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been said by a historian of great renown, "each part of this body politic in proportion as it contributed to the public good found in it their advantage, so that in spite of the natural restlessness and inconstancy of man's heart, which is always thirsting after novelty and change, and is never cured of its disgust to uniformity, Lacedemon persevered for many ages in the strict observance of her laws."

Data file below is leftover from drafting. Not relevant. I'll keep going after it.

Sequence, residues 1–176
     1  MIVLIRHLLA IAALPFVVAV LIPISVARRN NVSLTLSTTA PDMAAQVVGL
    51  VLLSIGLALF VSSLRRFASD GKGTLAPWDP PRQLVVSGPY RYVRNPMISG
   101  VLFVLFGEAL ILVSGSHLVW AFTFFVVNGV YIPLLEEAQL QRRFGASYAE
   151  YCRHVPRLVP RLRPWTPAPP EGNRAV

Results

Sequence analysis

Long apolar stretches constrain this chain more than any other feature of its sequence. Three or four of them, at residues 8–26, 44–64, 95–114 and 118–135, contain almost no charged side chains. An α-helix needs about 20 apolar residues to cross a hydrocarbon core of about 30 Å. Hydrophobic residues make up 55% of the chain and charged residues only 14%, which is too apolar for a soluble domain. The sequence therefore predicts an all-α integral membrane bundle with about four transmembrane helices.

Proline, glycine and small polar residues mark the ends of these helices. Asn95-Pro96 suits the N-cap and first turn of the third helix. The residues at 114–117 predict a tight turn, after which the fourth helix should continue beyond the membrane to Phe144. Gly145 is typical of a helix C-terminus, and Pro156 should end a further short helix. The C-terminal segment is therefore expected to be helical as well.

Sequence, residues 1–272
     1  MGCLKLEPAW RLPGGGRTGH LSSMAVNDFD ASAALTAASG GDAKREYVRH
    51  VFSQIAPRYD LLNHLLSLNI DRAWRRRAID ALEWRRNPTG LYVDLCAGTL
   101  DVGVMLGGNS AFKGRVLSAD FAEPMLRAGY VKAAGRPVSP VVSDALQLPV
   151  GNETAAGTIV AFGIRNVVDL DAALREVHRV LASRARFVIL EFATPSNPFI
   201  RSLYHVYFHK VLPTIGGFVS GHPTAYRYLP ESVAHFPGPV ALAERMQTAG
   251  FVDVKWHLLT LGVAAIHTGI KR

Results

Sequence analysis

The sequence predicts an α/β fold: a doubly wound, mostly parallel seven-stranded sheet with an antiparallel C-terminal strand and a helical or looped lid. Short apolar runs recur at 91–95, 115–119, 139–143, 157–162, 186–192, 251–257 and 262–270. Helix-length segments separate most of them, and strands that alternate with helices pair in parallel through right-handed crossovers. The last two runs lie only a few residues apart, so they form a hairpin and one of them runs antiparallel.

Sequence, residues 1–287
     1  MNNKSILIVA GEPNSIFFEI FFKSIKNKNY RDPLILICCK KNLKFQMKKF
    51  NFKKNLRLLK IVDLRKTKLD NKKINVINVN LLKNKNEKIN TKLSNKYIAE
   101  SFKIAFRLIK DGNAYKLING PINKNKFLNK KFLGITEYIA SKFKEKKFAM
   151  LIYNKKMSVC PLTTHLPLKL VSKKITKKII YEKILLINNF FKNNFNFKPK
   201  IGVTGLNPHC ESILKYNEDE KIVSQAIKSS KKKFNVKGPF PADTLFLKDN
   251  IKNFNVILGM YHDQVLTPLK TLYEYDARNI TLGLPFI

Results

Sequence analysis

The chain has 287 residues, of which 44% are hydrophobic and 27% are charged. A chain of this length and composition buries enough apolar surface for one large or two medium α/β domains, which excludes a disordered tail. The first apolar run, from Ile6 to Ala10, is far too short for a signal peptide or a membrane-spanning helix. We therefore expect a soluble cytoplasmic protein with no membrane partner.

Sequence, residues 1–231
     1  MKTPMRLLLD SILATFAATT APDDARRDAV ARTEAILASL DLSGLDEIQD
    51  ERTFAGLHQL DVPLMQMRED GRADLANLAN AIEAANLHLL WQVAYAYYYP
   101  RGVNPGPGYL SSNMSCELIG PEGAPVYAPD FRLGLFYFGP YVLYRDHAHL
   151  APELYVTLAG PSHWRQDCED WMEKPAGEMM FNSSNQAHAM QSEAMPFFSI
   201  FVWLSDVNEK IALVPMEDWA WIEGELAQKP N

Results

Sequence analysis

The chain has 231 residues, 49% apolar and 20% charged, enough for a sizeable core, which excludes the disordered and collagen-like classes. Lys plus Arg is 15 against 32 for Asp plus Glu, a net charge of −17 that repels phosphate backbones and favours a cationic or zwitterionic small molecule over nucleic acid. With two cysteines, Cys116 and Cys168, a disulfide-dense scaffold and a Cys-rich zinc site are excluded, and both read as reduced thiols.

Plutarch, in his life of Lycurgus, says, that Plato, Diogenes, Zeno, and all those who have treated of the establishment of a political state of government, took their plans from the republic of Lycurgus, with this difference, that they confined themselves wholly to words and theory, but Lycurgus, without dwelling upon ideas and speculative projects, did really and effectually institute an inimitable polity, and form a whole city of philosophers. In order to succeed in this undertaking, and to establish the most perfect form of a commonwealth that he could, he melted down as it were and blended together what he found best in every kind of government and most conducive to the public good. Thus tempering one species with another, and balancing the inconvenience to which each of them in particular is subject, with the advantage which resulted from their being united together. Sparta had something of the monarchal form of government in the authority of her kings. The council of thirty, otherwise called the senate, was a true aristocracy, and the power vested in the people of nominating the senators resembled a democratic government. The institution of the Ephori afterward served to rectify what was amiss in those previous establishments, and to supply what was defective. Plato thought the institution of the senate was advantageous both to the kings and to the people, as by this means the law became the only supreme mistress of the kings, and they never became tyrants over the laws,